- Christian: Christian beliefs hold that humanity is basically corrupt and tempted constantly by carnal nature and the Devil to sin against God. Christians are to practice self control and abstain from worldly pleasures - -sex, alcohol, strong expressions of emotion (the use of strong language), etc. In a broader, more philosophical sense, this can be seen as evidence of stoicism.
- Humanist: Humanists believe that people contain within them the rational ability to abstain from doing evil -- to restrain our primitive, animal passions and treat one another civilly. My own worldview is both humanist and Stoic, and I am quite keen on self-control. I control my thoughts, and spent much time in consideration while trying to figure out a good way to respond to issues of life. I believe self control is crucial to peace of mind.

My rediscovery of the “Fruits of the Spirit” tells me that Christian philosophy and humanist philosophy need not be considered foes. Both philosophies, I believe, come from the same spirit -- the human spirit -- and thus are more alike than they are different. The problem is that the Christian religion often gets in the way of Christian philosophy.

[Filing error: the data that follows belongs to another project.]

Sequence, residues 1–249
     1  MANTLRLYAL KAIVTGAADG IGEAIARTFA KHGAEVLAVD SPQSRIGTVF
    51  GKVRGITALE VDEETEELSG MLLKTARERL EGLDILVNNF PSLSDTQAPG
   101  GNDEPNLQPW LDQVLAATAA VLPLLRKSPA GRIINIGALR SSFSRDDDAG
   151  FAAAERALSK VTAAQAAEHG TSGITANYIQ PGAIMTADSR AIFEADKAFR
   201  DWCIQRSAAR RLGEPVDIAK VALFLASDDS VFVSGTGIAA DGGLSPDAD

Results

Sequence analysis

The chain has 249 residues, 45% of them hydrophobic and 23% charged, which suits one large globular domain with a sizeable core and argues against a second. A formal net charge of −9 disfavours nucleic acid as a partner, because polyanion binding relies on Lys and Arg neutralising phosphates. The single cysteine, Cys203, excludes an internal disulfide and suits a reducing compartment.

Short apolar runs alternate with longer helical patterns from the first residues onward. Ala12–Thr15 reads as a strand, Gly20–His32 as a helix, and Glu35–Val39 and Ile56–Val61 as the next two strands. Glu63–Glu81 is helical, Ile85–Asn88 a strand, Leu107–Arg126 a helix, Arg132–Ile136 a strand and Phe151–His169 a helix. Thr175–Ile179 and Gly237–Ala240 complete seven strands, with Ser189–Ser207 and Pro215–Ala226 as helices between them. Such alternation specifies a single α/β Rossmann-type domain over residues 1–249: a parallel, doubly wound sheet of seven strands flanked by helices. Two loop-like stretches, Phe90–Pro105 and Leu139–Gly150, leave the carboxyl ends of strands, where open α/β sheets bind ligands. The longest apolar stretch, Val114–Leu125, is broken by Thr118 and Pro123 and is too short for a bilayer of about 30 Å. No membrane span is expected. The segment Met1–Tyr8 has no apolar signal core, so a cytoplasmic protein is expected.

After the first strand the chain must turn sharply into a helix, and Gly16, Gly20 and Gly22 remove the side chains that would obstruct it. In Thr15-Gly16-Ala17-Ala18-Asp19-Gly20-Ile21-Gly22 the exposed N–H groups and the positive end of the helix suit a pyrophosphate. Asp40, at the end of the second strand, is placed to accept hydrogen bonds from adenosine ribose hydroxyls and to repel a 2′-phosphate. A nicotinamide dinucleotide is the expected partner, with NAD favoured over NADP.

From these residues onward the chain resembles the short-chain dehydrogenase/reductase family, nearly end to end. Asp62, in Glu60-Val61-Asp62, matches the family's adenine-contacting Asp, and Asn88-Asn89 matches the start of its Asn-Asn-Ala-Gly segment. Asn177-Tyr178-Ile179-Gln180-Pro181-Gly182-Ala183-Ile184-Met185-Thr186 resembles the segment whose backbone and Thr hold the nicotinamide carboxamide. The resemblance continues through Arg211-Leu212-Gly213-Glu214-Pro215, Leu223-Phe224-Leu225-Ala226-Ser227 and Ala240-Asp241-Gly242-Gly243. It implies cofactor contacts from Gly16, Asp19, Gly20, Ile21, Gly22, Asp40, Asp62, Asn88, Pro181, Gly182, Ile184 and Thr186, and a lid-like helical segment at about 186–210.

5 comments:

Jonathon said...

Stephen,

Thank you for inviting me to read your post. I am delighted to see that you have been reading the letter of Paul to the Churches of the former Roman province of Galatia! This is a wonderful letter of antiquity that Paul wrote in approximately A.D. 48 in order to combat an insidious heresy that had found its way into the early Christian Church in that area. It was a teaching antithetical to the Christian gospel, and is one that continues to this day even within the ranks of some modern evangelical traditions.

Though Paul had been influential in birthing this local church, he says in Chapter 1 vs. 6:

"I am astonished that you are so quickly deserting him who called you in the grace of Christ and are turning to a different gospel - not that there is another one, but there are some who trouble you and want to distort the gospel of Christ."

There were false teachers in their midst that were advocating an ascent to God through circumcision and other works of human effort. We see similar distortions in radical segments of the Pentecostalism in which you were raised where one must speak in tongues in order to be validated as saved.

In contrast, the gospel of God as revealed in the Bible declares that mankind can never ascend to God through tongues or any other human effort.

Isaiah 53:6 says:

“All we like sheep have gone astray; we have turned every one to his own way.”

Expanding on the punishment for straying sheep, Jonathan Edwards said the following in his sermon, “The Justice of God in the Damnation of Sinners:”